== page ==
Bolder innovations from technology companies to reward shopper loyalty and a greater use of in-store tech to improve the customer experience will increasingly feature in the grocery sector over the coming years, a prominent industry voice said this week.

Joanne Denney-Finch, CEO of IGD, the research and training charity for the grocery sector, predicted a supermarket world entailing automated replenishment, smart queuing systems and enhanced click & collect services that allow consumers to engage with brands and avoid perceived mundane shopping processes.

While technological innovations are playing their part in radically altering the wider traditional retail landscape and Denney-Finch is expecting more of this to come in grocery, her view is that the food industry winners of the future will be those that combine this innovative thinking with multiple customer-focused strategies.

"The winners will be those that embrace shopper power, reset standards and redefine concepts from their point of view," she told supermarket and FMCG delegates, who had gathered in London for IGD's annual convention, The Big Debate.

Denney-Finch's keynote speech, which kick-started the proceedings at an event which featured presentations from industry heavyweights such as Tesco CEO Dave Lewis, Asda president Andy Clarke, Sainsbury's CEO Mike Coupe and Morrisons chairman Andy Higginson, drew attention to US retailer Kroger which has reduced average queuing times from four minutes to 30 seconds by using sensors to anticipate queues and summon staff accordingly.

Such analysis of shopper movements is apparently also allowing Kroger to "make radical changes to store layouts".

Meanwhile, the case was put forward for "click & collect plus" services, where staple groceries are ready to be collected when shoppers arrive at stores and more internal space is freed up to promote occasional purchases via sampling stands and demonstrations.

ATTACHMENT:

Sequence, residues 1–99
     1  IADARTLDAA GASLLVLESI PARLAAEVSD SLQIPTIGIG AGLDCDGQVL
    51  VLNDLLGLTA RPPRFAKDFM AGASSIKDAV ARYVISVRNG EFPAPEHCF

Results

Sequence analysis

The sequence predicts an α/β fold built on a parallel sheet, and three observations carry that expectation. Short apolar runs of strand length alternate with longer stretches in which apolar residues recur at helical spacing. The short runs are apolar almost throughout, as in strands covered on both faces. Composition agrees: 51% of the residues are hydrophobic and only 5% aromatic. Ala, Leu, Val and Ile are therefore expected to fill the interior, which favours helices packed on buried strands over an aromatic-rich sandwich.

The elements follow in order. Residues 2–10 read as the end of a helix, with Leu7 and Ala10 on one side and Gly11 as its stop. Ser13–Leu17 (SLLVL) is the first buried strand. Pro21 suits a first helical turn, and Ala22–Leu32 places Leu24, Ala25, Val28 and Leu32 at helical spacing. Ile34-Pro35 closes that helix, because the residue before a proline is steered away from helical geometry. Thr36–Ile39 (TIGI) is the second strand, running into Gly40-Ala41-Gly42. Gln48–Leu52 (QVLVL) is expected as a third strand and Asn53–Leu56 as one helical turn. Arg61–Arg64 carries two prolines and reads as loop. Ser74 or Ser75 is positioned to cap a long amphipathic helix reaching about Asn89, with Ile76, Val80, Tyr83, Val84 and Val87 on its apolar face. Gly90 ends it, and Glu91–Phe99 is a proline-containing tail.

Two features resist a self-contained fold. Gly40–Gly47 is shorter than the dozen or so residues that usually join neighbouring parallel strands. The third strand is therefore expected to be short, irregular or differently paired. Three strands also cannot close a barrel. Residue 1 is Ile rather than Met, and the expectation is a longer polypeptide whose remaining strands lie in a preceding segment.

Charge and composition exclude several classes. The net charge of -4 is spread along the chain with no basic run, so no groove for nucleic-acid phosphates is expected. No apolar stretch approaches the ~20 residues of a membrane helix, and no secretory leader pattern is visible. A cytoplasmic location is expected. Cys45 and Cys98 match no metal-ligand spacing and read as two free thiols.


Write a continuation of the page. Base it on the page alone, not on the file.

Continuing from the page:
"And there are other ways to help manage staples, an Amazon Dash device, for adding products to a shopping list, regular home deliveries on subscription and eventually, smart storage that reorders automatically," Denney-Finch noted.

"These are all ways to lock customer in and I predict tomorrow's manufacturers will reinforce this, using technology to reward repeat purchases. The more times you buy, the better the price – which is how it should be."

Figures from IGD research show that three-quarters of grocery shoppers are very satisfied with their overall experience and the quality of products, while a third feel they have more to choose from compared to last year. But cultural change is here, defined by a world of instant messaging and on-demand entertainment, and supermarkets will be required to keep up with the pace to ensure they maintain their relevance to the modern shopper.

"There's radical change ahead, as shoppers continue to call the tune in our industry," the CEO warned.

"The big weekly shop will keep getting smaller. People are shopping more frequently than ever for their food and groceries, but 36% would still shop even more often if their finances allowed it."

She added: "While this poses a major challenge for superstores, which are designed around a big weekly shop, retailers and their suppliers are already reconsidering how to use their floor space to make their customers' lives better and respond to cultural change.

"They are reducing the unnecessary complexity by decreasing the number of products available and improving layouts. It's starting to work, with over half of superstore users feeling their enjoyment of shopping has improved, and yet more potential for superstores to really capitalise on this."

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